As a result of these and related developments, a number of new works on Marx have appeared, many of which explore hitherto neglected aspects of his thought-such as his writings on the world market, economic crisis, race and gender, non-Western societies, and the philosophical underpinning of his analysis of the logic of capital. These studies have appeared while a new edition of Marx’s complete works, the Marx-Engels Gesamtausgabe (known as MEGA2), is being issued by an international team of scholars coordinated from Berlin. MEGA2 will make Marx’s entire body of work available for scholarly analysis, in 114 volumes. It provides us with a new vantage-point for exploring Marx’s work unencumbered by the partisan affiliations and polemical battles that have governed generations of earlier discussions of Marx’s philosophical contribution.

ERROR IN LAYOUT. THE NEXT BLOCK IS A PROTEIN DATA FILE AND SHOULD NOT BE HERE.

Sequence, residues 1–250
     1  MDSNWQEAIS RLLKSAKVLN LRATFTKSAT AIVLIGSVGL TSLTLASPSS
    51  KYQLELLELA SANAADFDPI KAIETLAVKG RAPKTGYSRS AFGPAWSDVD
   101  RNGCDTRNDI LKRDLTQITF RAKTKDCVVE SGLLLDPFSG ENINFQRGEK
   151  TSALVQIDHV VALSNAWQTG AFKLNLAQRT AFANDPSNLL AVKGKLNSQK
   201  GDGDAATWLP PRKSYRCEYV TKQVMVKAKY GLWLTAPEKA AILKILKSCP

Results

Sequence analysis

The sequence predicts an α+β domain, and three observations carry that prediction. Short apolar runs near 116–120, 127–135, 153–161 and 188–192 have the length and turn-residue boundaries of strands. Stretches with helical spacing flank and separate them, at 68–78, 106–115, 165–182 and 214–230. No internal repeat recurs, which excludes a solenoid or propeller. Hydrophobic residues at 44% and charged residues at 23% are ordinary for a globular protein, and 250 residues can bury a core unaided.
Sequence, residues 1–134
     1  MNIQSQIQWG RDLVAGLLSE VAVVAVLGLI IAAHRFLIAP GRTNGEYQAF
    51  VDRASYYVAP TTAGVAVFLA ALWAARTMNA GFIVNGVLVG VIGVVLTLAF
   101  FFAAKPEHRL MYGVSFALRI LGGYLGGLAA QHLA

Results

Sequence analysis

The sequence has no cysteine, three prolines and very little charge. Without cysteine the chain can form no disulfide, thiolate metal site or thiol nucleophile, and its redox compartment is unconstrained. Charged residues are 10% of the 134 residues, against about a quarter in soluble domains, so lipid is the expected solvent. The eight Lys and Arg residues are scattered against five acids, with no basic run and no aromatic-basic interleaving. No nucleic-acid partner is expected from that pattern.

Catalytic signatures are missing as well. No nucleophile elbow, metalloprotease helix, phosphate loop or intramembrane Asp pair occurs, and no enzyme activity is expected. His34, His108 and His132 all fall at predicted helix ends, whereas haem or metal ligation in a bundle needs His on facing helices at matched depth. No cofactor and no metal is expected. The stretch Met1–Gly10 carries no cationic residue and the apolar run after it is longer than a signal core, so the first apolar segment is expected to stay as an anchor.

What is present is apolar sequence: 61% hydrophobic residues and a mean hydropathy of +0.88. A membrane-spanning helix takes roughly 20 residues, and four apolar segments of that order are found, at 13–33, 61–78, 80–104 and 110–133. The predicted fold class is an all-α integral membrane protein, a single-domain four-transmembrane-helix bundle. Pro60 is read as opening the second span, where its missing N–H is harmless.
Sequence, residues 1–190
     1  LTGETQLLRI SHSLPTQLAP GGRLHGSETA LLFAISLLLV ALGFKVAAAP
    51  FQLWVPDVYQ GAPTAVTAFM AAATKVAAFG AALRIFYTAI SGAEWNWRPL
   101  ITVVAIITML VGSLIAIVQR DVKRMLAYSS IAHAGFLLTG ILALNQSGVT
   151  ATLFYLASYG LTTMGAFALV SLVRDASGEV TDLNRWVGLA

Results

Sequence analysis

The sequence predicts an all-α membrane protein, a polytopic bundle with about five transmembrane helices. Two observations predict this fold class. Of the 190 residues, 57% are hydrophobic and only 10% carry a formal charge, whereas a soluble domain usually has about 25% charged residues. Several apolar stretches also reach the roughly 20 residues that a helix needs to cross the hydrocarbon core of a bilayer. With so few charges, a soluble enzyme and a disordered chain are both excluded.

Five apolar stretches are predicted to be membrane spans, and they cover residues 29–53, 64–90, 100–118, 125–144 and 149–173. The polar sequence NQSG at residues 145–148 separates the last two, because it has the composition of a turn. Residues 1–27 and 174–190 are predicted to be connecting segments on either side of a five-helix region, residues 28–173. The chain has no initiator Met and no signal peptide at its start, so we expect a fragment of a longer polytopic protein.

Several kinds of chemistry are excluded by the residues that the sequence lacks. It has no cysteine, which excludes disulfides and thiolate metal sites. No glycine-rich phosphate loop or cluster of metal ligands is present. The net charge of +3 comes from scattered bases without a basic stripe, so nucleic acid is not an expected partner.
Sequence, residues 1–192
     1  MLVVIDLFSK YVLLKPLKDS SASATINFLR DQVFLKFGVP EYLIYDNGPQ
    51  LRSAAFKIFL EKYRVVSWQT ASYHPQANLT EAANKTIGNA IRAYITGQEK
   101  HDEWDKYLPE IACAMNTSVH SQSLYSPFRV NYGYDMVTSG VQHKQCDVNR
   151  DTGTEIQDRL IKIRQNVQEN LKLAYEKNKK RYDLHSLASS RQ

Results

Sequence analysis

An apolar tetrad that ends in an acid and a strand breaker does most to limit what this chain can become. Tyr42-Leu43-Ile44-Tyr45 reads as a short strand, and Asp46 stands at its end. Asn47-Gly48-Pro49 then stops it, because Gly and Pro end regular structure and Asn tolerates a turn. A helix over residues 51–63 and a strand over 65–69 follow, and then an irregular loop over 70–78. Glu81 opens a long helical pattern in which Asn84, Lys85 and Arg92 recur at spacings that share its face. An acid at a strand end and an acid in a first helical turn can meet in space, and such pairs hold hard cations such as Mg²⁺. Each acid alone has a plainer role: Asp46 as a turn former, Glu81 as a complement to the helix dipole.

Despite the voluminous literature on Marx, there have been surprisingly few attemps to examine his body of thought as a whole in terms of what it suggests about a future, postcapitalist society. It does not seem possible to fully evaluate the contributions or limitations of Marx’s legacy in the absence of such an investigation. I will seek to fill this gap by exploring Marx’s concept of the transcendence of value production through an examination of his body of work, as found in his major published as well as unpublished ones that are now being compiled as part of the MEGA2 project.

This does not pretend to be a comprehensive study of Marx. Nor does it attempt to put forwards a specific model of a post-capitalist society. Although I consider efforts to produce the latter to be of great importance, I have a more modest aim: to survey Marx’s work with one aim: to see what implicit or explicit indications it contains about a future, non alienating-society.

(p. 1-2, 5)

242 pages. Two editions available :

-  Hardback: Brill Academic Publishers, The Netherlands, Leiden-Boston, 2012, ISBN: 978-9004167711 ;

-  Paperback: Haymarket Books, Chicago, 2013, ISBN: 978-1-60846-275-9 ;